Protection of Trade Secrets

Protection of Trade Secrets

In industry, it is generally recognized that one’s livelihood may be at least partially derived from certain information or processes unique to that business. This has led to a desire to protect these “trade secrets”, so inappropriate use or outright theft of the intellectual property cannot be used by a competitor. Protection of trade secrets is covered under tort law, which provides a legal avenue for compensation to the injured party.

The Uniform Trade Secrets Act was originally published by the Uniform Law Commission in 1979, in an effort to provide a framework for a uniform set of regulations pertaining to trade secrets in industry.  Prior to the widespread adoption of the UTSA, protection of trade secrets fell under common law in individual states. With the exceptions of Texas, Massachusetts, and New York, forty-seven states and the District of the Columbia have now passed regulations based upon the UTSA model. This provides greater consistency, and therefore better legal protection, from one state to another.

The UTSA defines a trade secret by several qualifying factors. A trade secret can be any type of information such as formulas, techniques, patterns, devices, programs, methods, or processes, which has economic value stemming from the fact that it is not generally known by other persons who may profit from using or knowing it. The person or industry which claims to own the trade secret must have made reasonable efforts to protect its secrecy. It does not matter whether the information has real economic value or only potential value. Both are protected under the UTSA.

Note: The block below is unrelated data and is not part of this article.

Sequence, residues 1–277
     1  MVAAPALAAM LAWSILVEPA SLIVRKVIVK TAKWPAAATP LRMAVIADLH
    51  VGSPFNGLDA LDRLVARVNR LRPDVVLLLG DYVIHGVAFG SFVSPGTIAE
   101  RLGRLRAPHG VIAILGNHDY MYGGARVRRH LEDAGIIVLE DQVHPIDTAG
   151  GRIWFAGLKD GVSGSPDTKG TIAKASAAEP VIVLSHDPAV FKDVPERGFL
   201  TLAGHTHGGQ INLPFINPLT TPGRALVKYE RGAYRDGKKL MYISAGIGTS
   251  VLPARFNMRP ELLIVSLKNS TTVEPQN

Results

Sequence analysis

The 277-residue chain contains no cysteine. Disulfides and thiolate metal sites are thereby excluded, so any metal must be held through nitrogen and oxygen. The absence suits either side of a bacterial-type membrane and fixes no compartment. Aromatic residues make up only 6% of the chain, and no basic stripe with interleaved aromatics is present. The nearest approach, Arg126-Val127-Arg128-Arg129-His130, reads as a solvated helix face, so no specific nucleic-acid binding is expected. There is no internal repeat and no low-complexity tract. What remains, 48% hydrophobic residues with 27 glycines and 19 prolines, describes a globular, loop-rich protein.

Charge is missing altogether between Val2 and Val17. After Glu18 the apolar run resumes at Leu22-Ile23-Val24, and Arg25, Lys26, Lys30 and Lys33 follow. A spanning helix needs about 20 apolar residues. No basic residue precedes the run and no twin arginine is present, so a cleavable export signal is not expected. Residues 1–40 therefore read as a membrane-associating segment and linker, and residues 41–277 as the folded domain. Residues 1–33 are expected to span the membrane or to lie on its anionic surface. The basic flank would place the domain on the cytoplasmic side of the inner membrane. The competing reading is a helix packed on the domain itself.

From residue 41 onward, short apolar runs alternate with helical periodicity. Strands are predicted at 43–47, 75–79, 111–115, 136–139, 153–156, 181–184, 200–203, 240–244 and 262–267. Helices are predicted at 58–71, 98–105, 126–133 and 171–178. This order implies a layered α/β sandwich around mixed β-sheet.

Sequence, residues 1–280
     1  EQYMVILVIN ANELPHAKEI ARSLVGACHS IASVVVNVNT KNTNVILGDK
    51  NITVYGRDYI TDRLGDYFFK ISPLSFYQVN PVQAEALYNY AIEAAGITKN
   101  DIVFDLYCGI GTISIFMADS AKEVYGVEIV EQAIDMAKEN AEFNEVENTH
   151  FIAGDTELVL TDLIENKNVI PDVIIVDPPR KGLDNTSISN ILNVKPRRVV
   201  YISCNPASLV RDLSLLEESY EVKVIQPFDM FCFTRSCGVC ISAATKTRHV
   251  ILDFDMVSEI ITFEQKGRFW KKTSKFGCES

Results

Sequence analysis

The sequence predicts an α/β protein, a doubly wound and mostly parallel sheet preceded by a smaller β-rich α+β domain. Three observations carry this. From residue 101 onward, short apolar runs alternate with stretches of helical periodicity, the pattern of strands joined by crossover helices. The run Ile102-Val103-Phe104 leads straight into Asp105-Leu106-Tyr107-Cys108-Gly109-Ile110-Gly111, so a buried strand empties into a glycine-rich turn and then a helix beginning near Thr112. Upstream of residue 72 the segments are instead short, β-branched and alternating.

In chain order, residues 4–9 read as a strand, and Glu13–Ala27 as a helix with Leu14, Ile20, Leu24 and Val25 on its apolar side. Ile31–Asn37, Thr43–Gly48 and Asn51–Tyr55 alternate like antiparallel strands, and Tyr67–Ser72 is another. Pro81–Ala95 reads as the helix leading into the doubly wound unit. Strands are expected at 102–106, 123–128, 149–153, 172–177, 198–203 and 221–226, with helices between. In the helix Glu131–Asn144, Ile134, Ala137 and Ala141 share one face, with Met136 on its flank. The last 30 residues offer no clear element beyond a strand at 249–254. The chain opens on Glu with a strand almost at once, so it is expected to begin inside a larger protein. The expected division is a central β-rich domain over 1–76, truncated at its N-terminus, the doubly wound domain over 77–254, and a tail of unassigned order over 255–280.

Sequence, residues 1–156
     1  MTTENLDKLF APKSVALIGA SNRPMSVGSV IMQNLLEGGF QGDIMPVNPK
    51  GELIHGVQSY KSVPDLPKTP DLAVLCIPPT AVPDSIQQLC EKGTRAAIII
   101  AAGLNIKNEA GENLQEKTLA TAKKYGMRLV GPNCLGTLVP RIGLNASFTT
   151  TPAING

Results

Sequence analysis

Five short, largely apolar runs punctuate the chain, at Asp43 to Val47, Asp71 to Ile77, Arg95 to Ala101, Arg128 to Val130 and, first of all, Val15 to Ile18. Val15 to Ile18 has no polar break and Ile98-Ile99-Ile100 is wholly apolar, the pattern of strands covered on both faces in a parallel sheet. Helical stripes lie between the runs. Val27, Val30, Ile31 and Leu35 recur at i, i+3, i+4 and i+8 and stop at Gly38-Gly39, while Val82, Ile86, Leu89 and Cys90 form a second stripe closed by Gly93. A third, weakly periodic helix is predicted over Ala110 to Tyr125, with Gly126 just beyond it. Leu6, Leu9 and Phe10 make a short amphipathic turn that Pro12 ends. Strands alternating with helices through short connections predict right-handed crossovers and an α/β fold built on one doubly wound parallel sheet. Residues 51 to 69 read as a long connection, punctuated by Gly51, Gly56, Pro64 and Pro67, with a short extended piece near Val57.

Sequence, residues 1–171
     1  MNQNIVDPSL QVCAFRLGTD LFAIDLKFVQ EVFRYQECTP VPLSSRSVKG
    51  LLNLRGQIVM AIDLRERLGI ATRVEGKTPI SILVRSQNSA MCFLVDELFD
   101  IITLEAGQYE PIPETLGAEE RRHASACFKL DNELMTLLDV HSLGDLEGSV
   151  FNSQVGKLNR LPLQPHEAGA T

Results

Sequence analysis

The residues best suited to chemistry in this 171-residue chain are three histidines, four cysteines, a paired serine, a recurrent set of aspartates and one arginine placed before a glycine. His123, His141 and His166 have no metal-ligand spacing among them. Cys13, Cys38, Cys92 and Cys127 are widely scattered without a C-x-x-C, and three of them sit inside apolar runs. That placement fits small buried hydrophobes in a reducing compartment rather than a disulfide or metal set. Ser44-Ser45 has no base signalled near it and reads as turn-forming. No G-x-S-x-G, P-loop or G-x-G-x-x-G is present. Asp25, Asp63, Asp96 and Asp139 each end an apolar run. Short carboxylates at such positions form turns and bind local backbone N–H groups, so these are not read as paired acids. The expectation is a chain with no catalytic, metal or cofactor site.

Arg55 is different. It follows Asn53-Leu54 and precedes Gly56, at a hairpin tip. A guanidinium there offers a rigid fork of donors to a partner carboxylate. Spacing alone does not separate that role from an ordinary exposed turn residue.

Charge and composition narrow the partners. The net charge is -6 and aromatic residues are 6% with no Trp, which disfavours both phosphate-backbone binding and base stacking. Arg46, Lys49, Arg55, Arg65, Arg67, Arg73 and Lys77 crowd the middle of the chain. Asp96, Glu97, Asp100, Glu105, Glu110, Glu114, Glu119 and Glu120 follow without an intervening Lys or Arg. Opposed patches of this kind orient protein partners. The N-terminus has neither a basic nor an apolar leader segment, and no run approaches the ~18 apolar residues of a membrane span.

In order for a trade secrets claim to qualify under UTSA guidelines, the subject matter in question must first qualify as a trade secret by this definition. The owner of the information must also prove that reasonable measures were taken to protect it, and that the offending party wrongfully acquired the information. This last qualification is very important. There are basically two situations which qualify for the wrongful acquisition of a trade secret: a breach of confidence or improper means of gaining the information.

There are many lawful ways in which a competitor may acquire a trade secret and use it to their own advantage, such as reverse engineering or independent discovery. If it can be proven that the trade secret owner did not take reasonable measure to protect the information, then the original owner will probably not succeed in making a claim.

Your business may have more intellectual property than you think and this is one area of the law where the team at Bethel Law Corporation truly excels.  Contact us today to discuss your situation and make sure you have the necessary protection.

Leave a Reply

Your email address will not be published. Required fields are marked *